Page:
Florida governor Ron DeSantis is about to sign a bill that until recently mandated “genital exams” for trans and cisgender student athletes.

In a Thursday town hall hosted by Fox News host Laura Ingraham, DeSantis confirmed plans to sign legislation preventing transgender girls from playing on school sports teams in accordance with their gender identity. “Oh, yeah,” the first-term governor said when asked by a member of the crowd if he would approve the bill, according to the Fox affiliate WOFL. “We’re going to protect our girls.”

DeSantis, who has been tipped as a potential 2024 running mate for former President Donald Trump after his 2020 defeat, went on to say that the issue was a personal one for him as a parent.

“I have a 4-year-old daughter and a one-year-old daughter,” he said. “They’re very athletic. We want to have opportunities for our girls. They deserve an even playing field. And that’s what we’re doing: what Mississippi did, what Florida did, what other states are going to do. So I look forward to being able to sign that into law.”

Of the more than two dozen states to weigh proposals to limit participation of trans students in athletics this year, Florida’s legislation has been among the most controversial. An earlier version of the bill DeSantis plans to sign would have required student athletes to undergo exams to determine their “biological sex” in cases — including genetic testing — where their gender is disputed.

Originally known as House Bill 1475, the legislation was thought to be dead after it was shelved by a Senate committee in April. The bill’s sponsor, State Senator Kelli Stargel (R-22nd District), worried there wouldn’t be enough time to build support for the effort with legislative session wrapping for the year on Friday.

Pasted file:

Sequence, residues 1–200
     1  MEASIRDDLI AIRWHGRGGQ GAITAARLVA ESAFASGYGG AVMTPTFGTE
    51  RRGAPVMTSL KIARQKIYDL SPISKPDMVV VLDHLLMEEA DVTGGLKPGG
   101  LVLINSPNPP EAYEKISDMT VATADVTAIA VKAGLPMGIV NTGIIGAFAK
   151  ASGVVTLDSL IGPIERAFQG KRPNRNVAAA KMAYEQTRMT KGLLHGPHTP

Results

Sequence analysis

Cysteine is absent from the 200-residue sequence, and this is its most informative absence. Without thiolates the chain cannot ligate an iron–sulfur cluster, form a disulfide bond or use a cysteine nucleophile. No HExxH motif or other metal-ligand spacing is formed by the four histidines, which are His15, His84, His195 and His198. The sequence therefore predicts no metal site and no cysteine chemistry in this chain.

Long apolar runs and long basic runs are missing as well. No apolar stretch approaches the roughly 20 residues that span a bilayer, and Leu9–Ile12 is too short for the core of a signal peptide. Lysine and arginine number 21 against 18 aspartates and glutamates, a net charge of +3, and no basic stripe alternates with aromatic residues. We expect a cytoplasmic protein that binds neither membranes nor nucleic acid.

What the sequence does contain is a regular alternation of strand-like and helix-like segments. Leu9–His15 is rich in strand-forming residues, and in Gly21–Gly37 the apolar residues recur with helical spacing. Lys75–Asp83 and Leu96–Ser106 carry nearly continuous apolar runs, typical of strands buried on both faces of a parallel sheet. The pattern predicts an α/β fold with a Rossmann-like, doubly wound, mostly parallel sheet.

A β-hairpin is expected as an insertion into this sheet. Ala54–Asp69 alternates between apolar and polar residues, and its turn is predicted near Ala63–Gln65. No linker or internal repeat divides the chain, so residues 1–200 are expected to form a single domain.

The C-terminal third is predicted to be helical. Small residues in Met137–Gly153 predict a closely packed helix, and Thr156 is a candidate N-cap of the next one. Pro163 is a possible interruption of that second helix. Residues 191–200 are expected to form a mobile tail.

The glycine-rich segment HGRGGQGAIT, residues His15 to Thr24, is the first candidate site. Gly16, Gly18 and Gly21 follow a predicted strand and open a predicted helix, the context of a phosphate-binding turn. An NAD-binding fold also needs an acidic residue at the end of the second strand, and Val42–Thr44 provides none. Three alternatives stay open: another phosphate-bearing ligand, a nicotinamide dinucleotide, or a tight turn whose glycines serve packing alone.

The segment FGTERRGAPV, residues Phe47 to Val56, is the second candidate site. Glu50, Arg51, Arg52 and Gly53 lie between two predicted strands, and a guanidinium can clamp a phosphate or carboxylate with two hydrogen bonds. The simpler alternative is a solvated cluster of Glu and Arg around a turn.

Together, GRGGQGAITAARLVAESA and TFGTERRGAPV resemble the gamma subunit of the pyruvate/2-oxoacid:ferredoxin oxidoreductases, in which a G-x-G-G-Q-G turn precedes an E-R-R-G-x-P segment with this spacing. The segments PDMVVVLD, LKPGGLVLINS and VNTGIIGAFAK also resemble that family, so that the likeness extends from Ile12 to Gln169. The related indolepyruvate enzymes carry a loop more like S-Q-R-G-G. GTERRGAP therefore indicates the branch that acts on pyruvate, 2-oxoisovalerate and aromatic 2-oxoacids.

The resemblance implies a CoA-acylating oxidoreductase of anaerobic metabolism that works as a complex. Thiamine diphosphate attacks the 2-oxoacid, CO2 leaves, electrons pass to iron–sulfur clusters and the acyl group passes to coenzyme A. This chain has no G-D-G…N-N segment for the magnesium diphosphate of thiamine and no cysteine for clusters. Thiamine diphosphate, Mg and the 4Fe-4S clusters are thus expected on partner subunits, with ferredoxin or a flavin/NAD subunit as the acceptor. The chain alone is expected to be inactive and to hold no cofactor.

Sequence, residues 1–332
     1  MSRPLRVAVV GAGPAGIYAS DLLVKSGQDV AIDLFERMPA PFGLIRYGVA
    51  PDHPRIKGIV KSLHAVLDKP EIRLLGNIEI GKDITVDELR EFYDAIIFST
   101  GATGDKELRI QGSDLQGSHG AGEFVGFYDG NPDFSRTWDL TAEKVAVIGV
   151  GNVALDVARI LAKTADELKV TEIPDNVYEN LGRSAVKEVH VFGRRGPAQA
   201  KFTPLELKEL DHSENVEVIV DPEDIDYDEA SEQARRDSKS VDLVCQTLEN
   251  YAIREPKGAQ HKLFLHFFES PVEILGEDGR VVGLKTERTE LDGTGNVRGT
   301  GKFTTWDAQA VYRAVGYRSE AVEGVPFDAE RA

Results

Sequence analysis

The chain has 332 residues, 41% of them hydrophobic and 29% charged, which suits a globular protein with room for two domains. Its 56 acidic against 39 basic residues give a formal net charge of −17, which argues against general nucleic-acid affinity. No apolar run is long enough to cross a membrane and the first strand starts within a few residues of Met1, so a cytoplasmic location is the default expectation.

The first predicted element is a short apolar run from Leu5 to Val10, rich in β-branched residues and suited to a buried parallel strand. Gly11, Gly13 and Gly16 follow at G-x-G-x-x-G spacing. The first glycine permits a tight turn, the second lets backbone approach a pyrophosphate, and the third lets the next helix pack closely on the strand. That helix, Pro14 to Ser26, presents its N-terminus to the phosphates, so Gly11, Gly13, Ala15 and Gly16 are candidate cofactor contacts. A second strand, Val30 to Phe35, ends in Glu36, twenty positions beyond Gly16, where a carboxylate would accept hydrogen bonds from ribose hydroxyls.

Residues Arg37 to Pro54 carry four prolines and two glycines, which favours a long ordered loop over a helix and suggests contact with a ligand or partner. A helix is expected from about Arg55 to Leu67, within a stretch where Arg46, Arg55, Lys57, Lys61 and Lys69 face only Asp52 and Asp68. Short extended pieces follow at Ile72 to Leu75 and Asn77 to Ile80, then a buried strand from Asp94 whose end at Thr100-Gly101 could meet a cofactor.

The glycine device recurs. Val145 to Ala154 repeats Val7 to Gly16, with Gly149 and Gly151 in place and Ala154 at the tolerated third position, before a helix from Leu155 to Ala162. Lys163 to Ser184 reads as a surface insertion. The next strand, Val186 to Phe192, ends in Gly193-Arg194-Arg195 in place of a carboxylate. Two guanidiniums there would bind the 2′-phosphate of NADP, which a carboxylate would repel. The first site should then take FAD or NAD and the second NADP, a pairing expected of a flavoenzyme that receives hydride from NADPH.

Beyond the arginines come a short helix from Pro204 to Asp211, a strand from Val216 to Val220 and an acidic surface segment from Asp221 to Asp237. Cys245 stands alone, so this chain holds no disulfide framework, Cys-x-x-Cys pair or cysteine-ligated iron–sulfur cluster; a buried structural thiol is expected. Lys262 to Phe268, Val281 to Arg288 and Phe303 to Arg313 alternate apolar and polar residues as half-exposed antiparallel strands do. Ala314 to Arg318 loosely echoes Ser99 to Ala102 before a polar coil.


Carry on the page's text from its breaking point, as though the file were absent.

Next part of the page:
“In a time-limited environment, I don’t know that we will have sufficient time to revisit SB 2012 this session,” she said in comments cited by the Orlando Sentinel, referring to HB 1475’s companion bill in the Senate.

But HB 1475 was resurrected last week as an amendment to an entirely unrelated piece of legislation: SB 1028, a charter school bill. The version attached to SB 1028 took out some of the most egregious aspects of the previous measure — namely, the requirement to submit to medical examinations — but would nonetheless require female student athletes to compete on teams in alignment with the sex listed on their birth certificate “at or near the time of the student’s birth.”

Despite criticism from Democratic State Representative Carlos Guillermo Smith (D-49th District) that the 11th hour maneuver represented a “late-night back room deal,” SB 1028 was swiftly pushed through the Florida Legislature. It passed 79 to 37 in the State House and 23 to 16 in the Senate, both of which are controlled by Republicans.

The legislation has been widely condemned by civil rights advocacy groups and members of the LGBTQ+ community. In a statement to press, Equality Florida public policy director Jon Harris Maurer noted that the enactment of SB 1028 would represent the state’s first anti-equality bill signed into law in 23 years, as well as “its most directed attack to date on the transgender community.”

“The whole process has been manipulated to rush forward this bill,” he said.

Maurer added that Florida High School Athletic Association (FHSAA) and NCAA have both had policies in place for “nearly a decade” that allow trans female athletes to be affirmed in their gender identities on the field. According to its handbook, all students are permitted to participate “irrespective of the gender listed on a student’s birth certificate and/or records.”



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